As use of the new system, originally called the "Decimal System", grew through Europe, pressure grew in the UK for decimalisation. The issue of decimalisation of measurement was intertwined in the UK with decimalisation of currency. The idea was first discussed by a Royal Commission that reported in 1818 and again in Parliament by Sir John Wrottesley in 1824. Another Royal Commission was set up 1838 by Chancellor of the Exchequer Thomas Spring Rice and it reported in 1841 that decimal coinage was required first. A third commission advocated in 1853 decimal coinage in the form £ : 10 florin : 100 cent : 1000 mil. The first florins (one tenth of a pound sterling) were struck in 1849 as silver coins weighing 11.3 grams and having a diameter of 28 millimetres. In the London Tavern on Bishopsgate St. 1854 Sir John Wrottesley set up the "Decimal Association" in order to lobby for decimalisation of both measurement and coinage. Sir John met with Gladstone a few days later but was unable to win him to the idea. In 1862, the Select Committee on Weights and Measures favoured the introduction of decimalisation to accompany the introduction of metric weights and measures. A further Royal Commission "on the question of the introduction of metric system of weights and measures" also reported in 1869.

On the legal front, 1864 saw a Private Member's Bill pass which legalised use of the metric system in contracts. However, ambiguous wording of the 1864 law meant that traders who possessed metric weights and measures were still liable to arrest under Acts 5 and 6 William IV c63. The situation was clarified in 1897 following another Select Committee which also recommended that metrication become compulsory by 1899. In 1904, scientist Lord Kelvin led a campaign for metrication and collected 8 million signatures of British subjects. Two years previously an Empire conference decided that metrication should be compulsory across the British Empire. On the opposition side, 1904 saw the establishment of the British Weights and Measures Association for "the purpose of defending and, where practicable, improving the present system of weights and measures". At this time 45% of British exports were to metricated countries. Parliament voted to set up a Select Committee on the matter.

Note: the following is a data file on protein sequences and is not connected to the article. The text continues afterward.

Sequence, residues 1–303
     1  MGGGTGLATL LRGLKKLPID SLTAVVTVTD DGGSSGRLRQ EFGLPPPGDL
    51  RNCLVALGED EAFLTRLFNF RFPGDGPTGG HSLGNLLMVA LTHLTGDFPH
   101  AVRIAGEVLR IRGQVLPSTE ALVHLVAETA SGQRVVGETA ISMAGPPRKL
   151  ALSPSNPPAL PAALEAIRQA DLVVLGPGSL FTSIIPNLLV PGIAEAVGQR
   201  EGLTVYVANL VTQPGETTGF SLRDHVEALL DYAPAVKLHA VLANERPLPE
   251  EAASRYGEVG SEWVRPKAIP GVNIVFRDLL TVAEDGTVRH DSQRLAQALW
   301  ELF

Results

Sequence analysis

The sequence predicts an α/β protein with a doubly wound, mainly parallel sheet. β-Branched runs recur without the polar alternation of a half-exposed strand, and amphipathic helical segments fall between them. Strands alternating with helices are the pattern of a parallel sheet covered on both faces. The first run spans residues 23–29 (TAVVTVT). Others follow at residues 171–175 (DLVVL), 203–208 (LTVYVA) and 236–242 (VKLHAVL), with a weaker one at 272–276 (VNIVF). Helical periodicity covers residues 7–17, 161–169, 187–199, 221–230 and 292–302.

This Select Committee reported in 1907 and a bill was drafted proposing compulsory metrication by 1910, including decimalisation of coinage. The opposition declared that decimalisation of coinage would cost £100m alone. The matter was dropped in the face of wars and depression, and would not be again raised until the 1951 Hudgson Report, the result of yet another Select Committee.